• Mary Magdalene’s background

          • While John doesn’t mention any other women, that doesn’t set his Gospel in opposition to the other Gospels – he is simply focusing on one character

            • She is first mentioned in John’s Gospel at the cross (John 19:25)

            • She is from the Galilean village of Magdala on the northwest side of the Sea of Galilee

            • She was the one whom Jesus freed from seven demons that possessed her

            • She was one of the women that followed Joseph and Nicodemus to the tomb to see where Jesus would be buried

            • She is mentioned in all four Gospel accounts of Jesus’ resurrection

            • Mary loved Jesus deeply

            • She was wholeheartedly devoted to Him

          • PRINCIPLE #1 – Our wholehearted devotion to Jesus brings joy to God’s heart.

            • Mary’s life was transformed through her relationship with Jesus

            • The same can and should be true of us

            • We should be wholeheartedly devoted to Jesus, because of what He has done for us

              • He left the glory and majesty of heaven to come to earth as a baby

              • He experienced the same things we’ve experienced as human beings (love, joy, laughter, loss, pain, suffering, temptation, and so much more)

              • He willingly died on a cross, as the perfect sacrifice for our sins, so we could be part of God’s family and be found righteous in His sight

              • Because of His ultimate sacrifice, we should be wholeheartedly devoted to Him

              • Nothing else should capture or captivate our hearts and minds like Jesus

              • The majority of our time should be devoted to pursuing Him and accomplishing His mission in this world – the Gospel

              • If we’re truly honest with ourselves, we would admit that we are not wholeheartedly devoted to Him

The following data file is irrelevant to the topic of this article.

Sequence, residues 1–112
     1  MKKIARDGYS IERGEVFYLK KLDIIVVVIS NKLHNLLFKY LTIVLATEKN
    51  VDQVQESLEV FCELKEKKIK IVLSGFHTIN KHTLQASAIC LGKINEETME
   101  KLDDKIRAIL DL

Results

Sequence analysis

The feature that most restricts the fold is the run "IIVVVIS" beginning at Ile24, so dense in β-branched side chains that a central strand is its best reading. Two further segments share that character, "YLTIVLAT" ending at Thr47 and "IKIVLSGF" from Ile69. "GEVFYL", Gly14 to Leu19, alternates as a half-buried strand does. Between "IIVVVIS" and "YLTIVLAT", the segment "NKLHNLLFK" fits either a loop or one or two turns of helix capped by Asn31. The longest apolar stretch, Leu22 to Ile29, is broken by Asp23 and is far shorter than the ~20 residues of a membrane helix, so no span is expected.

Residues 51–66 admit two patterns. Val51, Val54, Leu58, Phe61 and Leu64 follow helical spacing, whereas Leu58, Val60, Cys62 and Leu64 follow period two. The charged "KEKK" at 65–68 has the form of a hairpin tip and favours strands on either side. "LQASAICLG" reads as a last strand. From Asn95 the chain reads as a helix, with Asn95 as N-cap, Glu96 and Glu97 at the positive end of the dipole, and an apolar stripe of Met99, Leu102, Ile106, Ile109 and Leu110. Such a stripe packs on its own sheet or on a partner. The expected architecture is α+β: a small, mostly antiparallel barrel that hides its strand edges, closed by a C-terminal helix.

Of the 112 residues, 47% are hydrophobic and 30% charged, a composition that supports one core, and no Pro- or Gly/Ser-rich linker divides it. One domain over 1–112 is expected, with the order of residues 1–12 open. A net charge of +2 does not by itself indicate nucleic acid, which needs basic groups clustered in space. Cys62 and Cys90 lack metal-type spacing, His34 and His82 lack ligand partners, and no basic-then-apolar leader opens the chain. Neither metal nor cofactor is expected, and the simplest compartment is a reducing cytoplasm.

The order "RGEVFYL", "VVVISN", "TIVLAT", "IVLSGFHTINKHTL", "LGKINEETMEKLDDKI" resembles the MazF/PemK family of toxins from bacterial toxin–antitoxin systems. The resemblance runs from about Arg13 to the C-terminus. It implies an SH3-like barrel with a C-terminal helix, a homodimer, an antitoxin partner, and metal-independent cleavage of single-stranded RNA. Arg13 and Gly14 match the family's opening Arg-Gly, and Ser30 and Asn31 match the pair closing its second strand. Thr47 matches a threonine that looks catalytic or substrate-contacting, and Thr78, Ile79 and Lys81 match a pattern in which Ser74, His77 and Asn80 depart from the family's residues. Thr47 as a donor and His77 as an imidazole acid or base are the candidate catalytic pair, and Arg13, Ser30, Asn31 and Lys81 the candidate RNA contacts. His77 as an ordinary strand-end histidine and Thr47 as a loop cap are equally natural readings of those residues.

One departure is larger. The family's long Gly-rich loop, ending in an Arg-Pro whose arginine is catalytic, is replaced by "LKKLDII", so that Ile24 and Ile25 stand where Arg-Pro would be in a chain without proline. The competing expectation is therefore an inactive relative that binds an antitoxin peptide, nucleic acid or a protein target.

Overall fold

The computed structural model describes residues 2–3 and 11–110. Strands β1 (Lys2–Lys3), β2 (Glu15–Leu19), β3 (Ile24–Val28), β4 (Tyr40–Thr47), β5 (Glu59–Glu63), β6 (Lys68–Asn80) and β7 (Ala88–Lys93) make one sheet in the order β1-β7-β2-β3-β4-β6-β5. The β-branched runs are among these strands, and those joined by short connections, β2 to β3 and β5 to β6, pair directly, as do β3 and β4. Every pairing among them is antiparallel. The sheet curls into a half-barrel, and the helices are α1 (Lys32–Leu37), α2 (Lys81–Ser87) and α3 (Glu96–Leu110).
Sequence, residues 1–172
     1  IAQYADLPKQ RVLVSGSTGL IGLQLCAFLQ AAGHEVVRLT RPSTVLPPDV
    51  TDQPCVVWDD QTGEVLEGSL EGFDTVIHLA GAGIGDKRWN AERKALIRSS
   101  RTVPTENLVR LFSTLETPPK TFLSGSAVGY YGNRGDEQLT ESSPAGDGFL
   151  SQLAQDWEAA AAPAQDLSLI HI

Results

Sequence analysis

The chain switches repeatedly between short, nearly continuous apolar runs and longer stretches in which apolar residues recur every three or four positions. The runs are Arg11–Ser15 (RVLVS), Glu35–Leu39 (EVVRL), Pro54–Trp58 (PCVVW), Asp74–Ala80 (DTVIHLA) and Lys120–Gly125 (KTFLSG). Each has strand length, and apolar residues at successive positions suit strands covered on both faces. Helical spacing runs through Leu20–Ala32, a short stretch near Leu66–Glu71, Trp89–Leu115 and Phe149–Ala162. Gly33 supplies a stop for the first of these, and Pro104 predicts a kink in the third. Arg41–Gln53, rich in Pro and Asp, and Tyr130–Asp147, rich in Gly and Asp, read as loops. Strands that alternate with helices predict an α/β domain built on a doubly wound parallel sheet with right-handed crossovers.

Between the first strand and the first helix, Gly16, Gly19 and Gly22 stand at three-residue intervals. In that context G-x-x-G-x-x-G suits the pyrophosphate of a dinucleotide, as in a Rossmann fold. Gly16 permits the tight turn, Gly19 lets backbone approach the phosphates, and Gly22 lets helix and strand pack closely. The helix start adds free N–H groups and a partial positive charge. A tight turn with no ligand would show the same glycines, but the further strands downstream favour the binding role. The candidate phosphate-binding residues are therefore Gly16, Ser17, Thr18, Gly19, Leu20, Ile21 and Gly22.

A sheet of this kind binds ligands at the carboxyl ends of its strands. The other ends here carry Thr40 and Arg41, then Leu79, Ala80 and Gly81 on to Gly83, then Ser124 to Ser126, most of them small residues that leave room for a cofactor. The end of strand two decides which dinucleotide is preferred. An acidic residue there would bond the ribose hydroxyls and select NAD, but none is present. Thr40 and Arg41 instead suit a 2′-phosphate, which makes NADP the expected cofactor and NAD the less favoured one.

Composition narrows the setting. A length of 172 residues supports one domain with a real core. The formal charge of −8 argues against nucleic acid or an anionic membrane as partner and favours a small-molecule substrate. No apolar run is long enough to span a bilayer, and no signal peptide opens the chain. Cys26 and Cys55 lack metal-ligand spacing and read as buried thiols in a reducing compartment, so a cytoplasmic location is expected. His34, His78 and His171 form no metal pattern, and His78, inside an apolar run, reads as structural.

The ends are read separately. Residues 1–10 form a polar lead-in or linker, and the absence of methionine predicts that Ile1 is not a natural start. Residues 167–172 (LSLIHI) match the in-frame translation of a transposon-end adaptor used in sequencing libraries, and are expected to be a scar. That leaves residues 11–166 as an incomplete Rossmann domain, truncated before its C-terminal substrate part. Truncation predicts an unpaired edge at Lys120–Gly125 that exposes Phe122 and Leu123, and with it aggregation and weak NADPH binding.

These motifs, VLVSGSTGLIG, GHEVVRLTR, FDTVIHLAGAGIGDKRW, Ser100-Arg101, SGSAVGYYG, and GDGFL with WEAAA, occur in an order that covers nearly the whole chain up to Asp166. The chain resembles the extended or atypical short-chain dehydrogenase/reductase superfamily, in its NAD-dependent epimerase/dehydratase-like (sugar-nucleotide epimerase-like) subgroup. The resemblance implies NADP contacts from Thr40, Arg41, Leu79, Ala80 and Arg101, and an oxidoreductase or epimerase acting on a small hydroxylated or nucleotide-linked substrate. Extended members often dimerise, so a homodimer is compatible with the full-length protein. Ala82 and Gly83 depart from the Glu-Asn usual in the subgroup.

• There are many other things that capture and captivate our hearts and minds

              • Take a moment to think about the things that have a higher priority in our lives, than Jesus

            • #1 – My Next Step Today Is To: ​​ Confess and repent of the things in my life that have a higher priority than Jesus and His mission.

            • #2 – My Next Step Today Is To: ​​ Commit to being wholeheartedly devoted to Jesus.

            • Mary’s relationship with Jesus had transformed her and she was wholeheartedly devoted to Him and because of that . . .

          • Mary was up early and at the tomb when she discovered that the stone had been rolled away

            • Luke tells us in his Gospel that the women found the stone rolled away from the tomb, but when they entered, they did not find the body of the Lord Jesus (Luke 24:2-3)

            • John doesn’t mention that Mary enters the tomb, but it seems logical that she would have, because of what she tells Peter and John

          • John shares Mary’s reaction

        • Mary’s reaction to finding the stone rolled away

          • She runs to find Peter and John

            • Two beliefs

              • Some believe that she ran to Peter’s house first, and then together they ran to John’s house

              • Most believe that Peter was staying with John at his house

              • It’s not really important whether they were staying together or in two separate houses

            • Significance of going to Peter

              • We shouldn’t too quickly gloss over the fact that Mary Magdalene went to Peter to report what she found